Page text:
Genetically Engineered Food Alters Our Digestive Systems!May 31, 2011
GE organisms actually become part of the bacteria in our digestive tracts and reproduce continuously inside us. But the USDA now wants to to remove all controls from GE corn and cotton!
There are no human clinical trials of genetically engineered foods. The only published human feeding experiment revealed that genetic material inserted into GE soy transfers into the DNA of bacteria living inside our intestines and continues to function. Even after we stop eating GE foods, we may still have the GE proteins produced continuously inside us.
As the Institute for Responsible Technology has noted, the genetic engineering process creates massive collateral damage, causing mutations in hundreds or thousands of locations throughout the plant’s DNA. Natural genes can be deleted or permanently turned on or off, and hundreds may change their behavior. Even the inserted gene can be damaged or rearranged, and may create proteins that can trigger allergies or promote disease.
The idea of having genetically engineered genes permanently living inside our guts has staggering implications:
- If the antibiotic gene inserted into most GM crops were to transfer, it could create antibiotic-resistant diseases.
- Bt toxins (Bacillus thuringiensis) inserted into GM food crops to kill pests are reaching the bloodstreams of 93% of women and 80% of unborn babies because of the consumption of meat, milk, and eggs from livestock fed GE corn. This could turn bacteria in our intestines into pesticide factories.
- Animal studies show that DNA in food can travel into organs throughout the body, even into the fetus.
And we’ve seen cross-species transfer of DNA happen before. A significant percentage of human DNA is actually viral DNA that became part of us over 40 million years ago. There is concern that virally transmitted DNA may cause mutations and psychiatric disorders such as schizophrenia and mood disorders. GE organisms may exacerbate this phenomenon.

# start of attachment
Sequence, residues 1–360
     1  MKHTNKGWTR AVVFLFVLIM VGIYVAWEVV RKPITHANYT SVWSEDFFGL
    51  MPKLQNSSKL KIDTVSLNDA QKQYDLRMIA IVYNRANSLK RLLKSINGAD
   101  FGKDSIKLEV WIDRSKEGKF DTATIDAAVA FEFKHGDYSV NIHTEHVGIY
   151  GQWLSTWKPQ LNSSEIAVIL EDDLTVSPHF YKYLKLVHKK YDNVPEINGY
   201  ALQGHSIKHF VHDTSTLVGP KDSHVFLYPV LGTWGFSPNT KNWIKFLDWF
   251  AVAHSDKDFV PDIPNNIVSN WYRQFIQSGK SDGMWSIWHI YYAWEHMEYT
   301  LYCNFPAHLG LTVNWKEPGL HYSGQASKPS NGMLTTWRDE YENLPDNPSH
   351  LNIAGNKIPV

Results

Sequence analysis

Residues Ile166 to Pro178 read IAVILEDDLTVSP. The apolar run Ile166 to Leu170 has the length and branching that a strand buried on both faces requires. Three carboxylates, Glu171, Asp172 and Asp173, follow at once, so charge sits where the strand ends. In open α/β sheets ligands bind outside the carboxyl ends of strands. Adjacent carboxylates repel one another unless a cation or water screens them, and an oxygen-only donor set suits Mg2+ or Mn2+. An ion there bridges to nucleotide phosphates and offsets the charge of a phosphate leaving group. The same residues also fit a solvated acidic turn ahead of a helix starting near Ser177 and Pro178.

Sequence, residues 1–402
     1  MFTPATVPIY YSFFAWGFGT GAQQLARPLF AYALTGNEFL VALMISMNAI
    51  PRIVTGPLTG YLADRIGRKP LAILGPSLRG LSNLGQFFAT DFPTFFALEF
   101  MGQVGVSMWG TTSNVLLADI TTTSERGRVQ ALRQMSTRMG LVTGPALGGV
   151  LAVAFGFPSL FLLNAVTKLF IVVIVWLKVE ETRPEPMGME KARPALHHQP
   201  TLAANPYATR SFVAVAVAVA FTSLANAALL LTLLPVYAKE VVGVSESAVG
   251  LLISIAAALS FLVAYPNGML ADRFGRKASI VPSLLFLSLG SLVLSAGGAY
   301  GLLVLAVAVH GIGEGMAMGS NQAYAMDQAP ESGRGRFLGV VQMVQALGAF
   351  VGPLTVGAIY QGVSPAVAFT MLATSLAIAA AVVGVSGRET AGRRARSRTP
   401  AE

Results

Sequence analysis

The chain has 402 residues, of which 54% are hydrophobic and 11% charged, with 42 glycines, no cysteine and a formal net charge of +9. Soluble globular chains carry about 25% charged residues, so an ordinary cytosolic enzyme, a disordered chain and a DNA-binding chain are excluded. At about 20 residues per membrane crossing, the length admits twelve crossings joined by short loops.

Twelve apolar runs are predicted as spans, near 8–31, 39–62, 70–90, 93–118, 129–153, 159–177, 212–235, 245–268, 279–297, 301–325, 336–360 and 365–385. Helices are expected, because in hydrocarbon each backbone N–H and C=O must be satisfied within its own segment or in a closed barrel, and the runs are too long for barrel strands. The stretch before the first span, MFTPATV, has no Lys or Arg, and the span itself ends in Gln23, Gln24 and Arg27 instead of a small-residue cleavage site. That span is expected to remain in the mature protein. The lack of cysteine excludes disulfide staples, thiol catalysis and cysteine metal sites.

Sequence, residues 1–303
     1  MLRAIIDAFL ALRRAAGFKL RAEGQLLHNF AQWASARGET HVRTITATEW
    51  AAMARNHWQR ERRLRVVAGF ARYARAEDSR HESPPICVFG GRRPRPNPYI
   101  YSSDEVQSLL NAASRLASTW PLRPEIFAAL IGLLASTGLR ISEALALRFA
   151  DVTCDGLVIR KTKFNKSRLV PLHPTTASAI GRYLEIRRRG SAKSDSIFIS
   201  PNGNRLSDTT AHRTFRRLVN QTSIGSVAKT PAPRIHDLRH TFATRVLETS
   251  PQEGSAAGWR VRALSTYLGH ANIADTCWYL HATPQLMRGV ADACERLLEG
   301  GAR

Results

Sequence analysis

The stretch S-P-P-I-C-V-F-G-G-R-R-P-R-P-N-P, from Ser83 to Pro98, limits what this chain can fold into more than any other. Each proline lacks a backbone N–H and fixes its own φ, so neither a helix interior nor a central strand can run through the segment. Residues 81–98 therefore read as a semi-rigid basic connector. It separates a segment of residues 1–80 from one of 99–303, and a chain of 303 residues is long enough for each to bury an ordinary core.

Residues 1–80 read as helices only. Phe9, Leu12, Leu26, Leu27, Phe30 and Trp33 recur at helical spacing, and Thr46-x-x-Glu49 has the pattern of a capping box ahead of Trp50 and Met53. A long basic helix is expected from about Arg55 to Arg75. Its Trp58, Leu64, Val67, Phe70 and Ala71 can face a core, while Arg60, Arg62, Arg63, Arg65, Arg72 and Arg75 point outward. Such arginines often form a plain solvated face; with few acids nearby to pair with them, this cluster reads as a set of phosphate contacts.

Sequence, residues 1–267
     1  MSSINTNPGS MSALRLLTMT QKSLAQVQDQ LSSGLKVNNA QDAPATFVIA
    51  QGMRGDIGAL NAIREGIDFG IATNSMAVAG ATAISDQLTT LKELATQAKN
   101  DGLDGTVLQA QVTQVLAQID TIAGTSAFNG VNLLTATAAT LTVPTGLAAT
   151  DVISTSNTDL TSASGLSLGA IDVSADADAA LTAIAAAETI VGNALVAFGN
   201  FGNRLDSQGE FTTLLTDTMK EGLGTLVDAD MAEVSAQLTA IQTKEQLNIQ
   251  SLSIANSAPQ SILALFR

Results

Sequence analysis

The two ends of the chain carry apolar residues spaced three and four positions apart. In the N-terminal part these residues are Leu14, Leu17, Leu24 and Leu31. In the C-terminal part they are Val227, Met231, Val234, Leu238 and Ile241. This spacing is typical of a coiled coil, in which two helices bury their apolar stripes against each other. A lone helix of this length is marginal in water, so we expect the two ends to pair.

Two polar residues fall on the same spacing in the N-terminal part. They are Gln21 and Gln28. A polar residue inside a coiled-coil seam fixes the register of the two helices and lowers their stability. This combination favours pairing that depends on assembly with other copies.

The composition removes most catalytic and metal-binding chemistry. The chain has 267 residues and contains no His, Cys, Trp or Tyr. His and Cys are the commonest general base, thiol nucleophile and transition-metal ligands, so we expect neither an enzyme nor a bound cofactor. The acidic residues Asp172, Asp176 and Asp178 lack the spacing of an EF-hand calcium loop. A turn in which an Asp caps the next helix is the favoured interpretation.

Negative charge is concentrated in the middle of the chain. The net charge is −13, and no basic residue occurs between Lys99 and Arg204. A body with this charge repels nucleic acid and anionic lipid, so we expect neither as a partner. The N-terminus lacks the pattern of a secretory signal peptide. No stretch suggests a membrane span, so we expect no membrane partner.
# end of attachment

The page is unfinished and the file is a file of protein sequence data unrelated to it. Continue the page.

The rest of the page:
Genetically engineered food genes transferring to our own genes could lead to problems like leaky gut syndrome:
- Our small intestine, which is responsible for about 70% of our immune system, behaves like a selective sieve: it lets only nutrients and well-digested fats, proteins, and starches enter the bloodstream and keeps out large molecules, microbes, and toxins.
- Leaky gut syndrome happens when the intestinal lining becomes inflamed, and the microvilli on the lining become damaged; this prevents the microvilli from absorbing nutrients and producing necessary enzymes and secretions for healthy digestion and absorption.
- In between cells are desmosomes, which keep the cells together, forming a strong structure preventing large molecules from passing through. When an area becomes inflamed, the structure is weakened, allowing larger molecules to escape. The makes the immune system produce antibodies and cytokines to fight off molecules because they are perceived as antigens.
Allergies have already skyrocketed in the US, and with the introduction of GE soy in the UK, soy related allergies rose to 50%. Yet federal agencies turn a blind eye to the dangers of genetic engineering.
In 1989 there was a tragic outbreak of eosinophilia-myalgia syndrome (EMS), an incredibly painful disease. The outbreak was traced to consumption of l-tryptophan supplements produced by a Japanese company using genetically engineered bacteria. The bacteria are used to increase yields, but they increase impurities during the fermentation process—possibly leading to a level of contaminants that caused the EMS.